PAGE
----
BEIJING (Reuters) – For China’s Hikvision, the world’s largest purveyor of video surveillance systems and a vendor to Xinjiang police agencies, a moment of reckoning may be at hand.
A Hikvision surveillance camera is seen at the venue for a State Council Information Office (SCIO) briefing in Beijing, China August 15, 2019. REUTERS/Florence Lo
Since Aug. 13, Hikvision has not been allowed to sell to U.S. federal government agencies, thanks to a law passed last year that blocked five Chinese firms as possible security threats because their products could allow access to sensitive systems.
That has forced the company – which pulls nearly 30% of its 50 billion yuan ($7.12 billion) in revenue from overseas – onto a tightrope: it must assuage security and human rights concerns in the West without angering the Chinese government, a major customer and an all-powerful regulator.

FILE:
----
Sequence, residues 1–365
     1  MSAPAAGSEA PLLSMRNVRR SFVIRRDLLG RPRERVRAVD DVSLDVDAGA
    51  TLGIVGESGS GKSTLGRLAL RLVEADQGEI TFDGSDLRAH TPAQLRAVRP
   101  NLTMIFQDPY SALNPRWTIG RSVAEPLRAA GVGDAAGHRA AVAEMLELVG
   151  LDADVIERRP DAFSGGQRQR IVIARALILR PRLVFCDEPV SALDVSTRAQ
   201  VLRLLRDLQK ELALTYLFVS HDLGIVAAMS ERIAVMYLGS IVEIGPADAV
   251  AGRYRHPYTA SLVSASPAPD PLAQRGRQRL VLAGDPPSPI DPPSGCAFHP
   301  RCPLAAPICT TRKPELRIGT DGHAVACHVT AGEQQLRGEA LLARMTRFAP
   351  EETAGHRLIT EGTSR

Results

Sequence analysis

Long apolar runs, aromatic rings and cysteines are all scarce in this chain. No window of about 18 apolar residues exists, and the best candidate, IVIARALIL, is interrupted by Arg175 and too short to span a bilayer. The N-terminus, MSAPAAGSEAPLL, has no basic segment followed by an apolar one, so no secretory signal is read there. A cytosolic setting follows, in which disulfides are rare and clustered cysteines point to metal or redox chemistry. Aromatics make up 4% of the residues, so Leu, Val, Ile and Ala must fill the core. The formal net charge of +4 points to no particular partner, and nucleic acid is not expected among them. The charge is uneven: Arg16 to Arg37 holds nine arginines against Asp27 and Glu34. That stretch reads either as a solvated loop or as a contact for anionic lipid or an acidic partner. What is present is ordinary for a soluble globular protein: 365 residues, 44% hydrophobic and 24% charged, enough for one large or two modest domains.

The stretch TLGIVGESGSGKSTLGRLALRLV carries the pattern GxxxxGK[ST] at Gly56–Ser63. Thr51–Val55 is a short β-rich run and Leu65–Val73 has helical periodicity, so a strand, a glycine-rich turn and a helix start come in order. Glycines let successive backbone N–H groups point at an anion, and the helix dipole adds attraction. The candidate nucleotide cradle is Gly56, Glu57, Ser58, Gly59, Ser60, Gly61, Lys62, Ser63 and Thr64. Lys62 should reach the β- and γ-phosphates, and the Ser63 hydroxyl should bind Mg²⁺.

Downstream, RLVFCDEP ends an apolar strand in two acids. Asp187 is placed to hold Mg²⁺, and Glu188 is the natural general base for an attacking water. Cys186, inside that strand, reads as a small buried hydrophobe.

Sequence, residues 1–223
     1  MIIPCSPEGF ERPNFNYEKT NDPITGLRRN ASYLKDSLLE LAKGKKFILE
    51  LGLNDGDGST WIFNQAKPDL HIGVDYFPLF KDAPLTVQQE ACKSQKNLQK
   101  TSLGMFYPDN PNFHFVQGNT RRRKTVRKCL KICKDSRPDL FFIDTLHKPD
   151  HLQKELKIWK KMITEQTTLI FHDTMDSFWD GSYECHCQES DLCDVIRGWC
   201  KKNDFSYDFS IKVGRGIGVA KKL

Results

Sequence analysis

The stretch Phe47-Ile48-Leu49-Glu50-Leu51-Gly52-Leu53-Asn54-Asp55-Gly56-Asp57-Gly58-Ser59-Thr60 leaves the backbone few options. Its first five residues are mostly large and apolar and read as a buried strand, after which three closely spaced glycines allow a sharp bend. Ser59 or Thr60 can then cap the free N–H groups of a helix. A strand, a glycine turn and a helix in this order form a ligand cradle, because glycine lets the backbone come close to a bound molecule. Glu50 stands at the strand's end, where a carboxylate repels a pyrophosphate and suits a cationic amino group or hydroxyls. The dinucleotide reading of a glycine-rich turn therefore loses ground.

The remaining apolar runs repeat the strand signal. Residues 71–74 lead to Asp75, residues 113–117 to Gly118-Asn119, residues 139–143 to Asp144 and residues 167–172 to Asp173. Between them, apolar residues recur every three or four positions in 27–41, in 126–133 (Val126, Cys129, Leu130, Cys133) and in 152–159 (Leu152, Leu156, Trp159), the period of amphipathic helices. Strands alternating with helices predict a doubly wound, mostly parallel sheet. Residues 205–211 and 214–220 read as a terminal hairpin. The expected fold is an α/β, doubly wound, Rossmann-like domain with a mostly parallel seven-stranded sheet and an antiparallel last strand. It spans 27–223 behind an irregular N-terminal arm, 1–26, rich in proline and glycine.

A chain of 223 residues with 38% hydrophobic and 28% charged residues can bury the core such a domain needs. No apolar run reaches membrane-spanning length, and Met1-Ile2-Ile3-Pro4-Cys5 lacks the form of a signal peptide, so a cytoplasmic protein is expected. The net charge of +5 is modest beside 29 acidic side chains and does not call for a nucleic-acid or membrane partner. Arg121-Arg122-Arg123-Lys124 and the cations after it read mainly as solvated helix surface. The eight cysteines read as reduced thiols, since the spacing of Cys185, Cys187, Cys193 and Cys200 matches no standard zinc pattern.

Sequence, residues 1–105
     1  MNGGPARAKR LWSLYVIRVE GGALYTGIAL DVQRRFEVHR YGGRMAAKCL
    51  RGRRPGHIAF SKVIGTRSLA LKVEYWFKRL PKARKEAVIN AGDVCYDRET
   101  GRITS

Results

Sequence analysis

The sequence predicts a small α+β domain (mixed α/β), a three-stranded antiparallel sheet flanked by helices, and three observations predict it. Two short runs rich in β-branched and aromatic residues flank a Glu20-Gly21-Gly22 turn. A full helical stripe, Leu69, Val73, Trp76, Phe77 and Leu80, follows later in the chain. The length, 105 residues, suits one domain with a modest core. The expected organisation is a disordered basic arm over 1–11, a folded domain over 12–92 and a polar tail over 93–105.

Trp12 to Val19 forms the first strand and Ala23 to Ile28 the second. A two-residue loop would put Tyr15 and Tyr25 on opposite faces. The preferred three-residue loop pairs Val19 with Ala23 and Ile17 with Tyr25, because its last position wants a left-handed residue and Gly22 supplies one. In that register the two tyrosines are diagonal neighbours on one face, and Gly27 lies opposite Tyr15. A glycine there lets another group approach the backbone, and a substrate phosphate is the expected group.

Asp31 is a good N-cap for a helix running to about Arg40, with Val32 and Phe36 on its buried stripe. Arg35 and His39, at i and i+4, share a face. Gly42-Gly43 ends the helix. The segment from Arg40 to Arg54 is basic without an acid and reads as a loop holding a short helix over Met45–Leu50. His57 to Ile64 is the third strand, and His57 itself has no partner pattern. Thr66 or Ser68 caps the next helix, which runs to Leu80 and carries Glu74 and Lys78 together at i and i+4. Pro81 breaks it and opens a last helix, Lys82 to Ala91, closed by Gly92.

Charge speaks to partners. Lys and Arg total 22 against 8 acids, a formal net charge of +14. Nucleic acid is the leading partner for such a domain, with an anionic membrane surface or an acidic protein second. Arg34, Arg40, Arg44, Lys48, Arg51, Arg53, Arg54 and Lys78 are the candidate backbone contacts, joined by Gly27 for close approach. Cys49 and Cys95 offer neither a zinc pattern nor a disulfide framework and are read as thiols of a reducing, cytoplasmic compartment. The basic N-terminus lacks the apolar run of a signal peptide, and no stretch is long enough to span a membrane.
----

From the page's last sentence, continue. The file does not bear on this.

The company, known as Hangzhou Hikvision Digital Technology Co Ltd, is publicly trying to distance itself from Xinjiang as it lobbies to ease U.S. restrictions.
Hikvision signed 1.9 billion yuan worth of public-private partnership contracts – worth an average of 370 million yuan each – with the police in Xinjiang between 2016 and 2017, the procurement documents show.
Although the Xinjiang deals have gotten smaller since the U.S. Congress passed the ban last year, previously unreported provincial government procurement documents reviewed by Reuters show that Hikvision surveillance equipment was named in more than 110 million yuan worth of contracts with Chinese police, military and courts there.